1. The petitioner asks that he may be treated as a preferential creditor in the liquidation of this company. He was appointed cashier of the Calcutta branch at a monthly salary of Rs. 60 on condition that he furnished security to the extent of Rs. 2,500 in cash. It was agreed on behalf of the company that as the petitioner would be deprived of the use of the money for the period during which it was held as security by the Bank, the Bank would indemnify him by paying interest on the money at the rate of 5 per cent. per annum. Further it was agreed that the money should be held by the Bank distinct and separate from other deposits and that the position of the Bank in respect of the security was to be that of trustee and not that of debtor and creditor.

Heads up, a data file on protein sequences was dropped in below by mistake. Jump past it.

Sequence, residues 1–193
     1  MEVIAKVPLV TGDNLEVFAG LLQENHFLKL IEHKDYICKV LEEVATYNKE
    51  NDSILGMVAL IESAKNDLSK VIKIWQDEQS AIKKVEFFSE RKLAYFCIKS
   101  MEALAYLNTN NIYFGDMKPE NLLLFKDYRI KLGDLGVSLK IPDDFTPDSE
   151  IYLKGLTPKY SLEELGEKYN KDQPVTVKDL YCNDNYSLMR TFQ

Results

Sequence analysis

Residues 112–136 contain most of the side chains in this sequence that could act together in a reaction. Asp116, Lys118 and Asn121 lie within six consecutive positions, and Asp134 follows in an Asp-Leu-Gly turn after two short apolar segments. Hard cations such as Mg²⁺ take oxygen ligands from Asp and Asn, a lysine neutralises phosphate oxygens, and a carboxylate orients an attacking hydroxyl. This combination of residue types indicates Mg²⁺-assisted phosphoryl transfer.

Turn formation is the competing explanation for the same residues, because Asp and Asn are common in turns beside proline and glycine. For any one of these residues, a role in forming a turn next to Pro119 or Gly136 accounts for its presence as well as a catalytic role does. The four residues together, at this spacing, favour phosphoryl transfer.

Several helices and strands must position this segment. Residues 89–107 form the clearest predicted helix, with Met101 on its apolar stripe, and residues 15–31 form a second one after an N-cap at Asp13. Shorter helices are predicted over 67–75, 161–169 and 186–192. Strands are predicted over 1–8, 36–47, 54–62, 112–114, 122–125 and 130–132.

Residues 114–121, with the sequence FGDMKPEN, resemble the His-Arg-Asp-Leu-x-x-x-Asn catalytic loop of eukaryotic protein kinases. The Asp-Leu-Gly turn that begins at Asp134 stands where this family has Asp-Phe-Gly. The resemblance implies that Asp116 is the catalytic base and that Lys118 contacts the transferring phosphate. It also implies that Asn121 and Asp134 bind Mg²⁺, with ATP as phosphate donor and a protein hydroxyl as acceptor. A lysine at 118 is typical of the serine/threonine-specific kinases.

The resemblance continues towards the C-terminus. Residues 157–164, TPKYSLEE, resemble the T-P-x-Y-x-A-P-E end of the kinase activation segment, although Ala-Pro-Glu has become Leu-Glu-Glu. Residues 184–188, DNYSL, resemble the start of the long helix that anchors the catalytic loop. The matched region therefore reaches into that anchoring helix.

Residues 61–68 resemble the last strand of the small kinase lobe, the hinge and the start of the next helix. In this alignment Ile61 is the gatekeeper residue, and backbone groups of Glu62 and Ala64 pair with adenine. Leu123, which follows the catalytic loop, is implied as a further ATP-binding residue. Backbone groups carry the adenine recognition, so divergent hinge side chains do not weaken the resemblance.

2. These facts have not been denied by the liquidator nor has any affidavit been filed by the individual who, in fact, appointed the petitioner as cashier denying that these were the terms. I see no reason to doubt the truth of the statements made by the petitioner. Prima facie they are the kind of terms and conditions that I should have expected the petitioner would endeavour to obtain from the Bank. This is an application based on the specific terms of the agreement made with the Bank. If it had not been for these specific terms, the fact that the Bank had agreed to pay interest upon the security might have militated against the position taken up by the petitioner, because, in the ordinary way, if the Bank had to pay interest upon the security it might be assumed that it was intended that it should use the money in the banking business like any other deposit, so as to enable it to earn the interest which it had to pay to the cashier on his security deposit. In Official Assignee of Madras v. G. Smith (1909) 32 Mad 68 it was held that a trust exists when the Banker is to collect and remit but not where he is to use and repay. But in a case heard by the Calcutta High Court, Alliance Bank of Simla, Ltd. v. Dugald Mc Kechine : AIR1924Cal818 , it was held that the fact that the directors of the Bank derived profits for the Bank by investing a provident fund belonging to the employees did not alter the nature of the fund or convert it into a loan made to the Bank by the members. Similarly, in the present case, the fact that the Bank did use the security deposit in its business and that this was known to the cashier who had general charge of the books, did not in my opinion alter in any way the terms upon which the contract between the petitioner and the Bank was made, namely that the Bank would hold the security deposit as trustees for the petitioner, and that a fiduciary relationship was created between the petitioner and the Bank in respect of the security deposit. The liquidators will have liberty to take the costs out of the assets, as between attorney and client. Certified for counsel.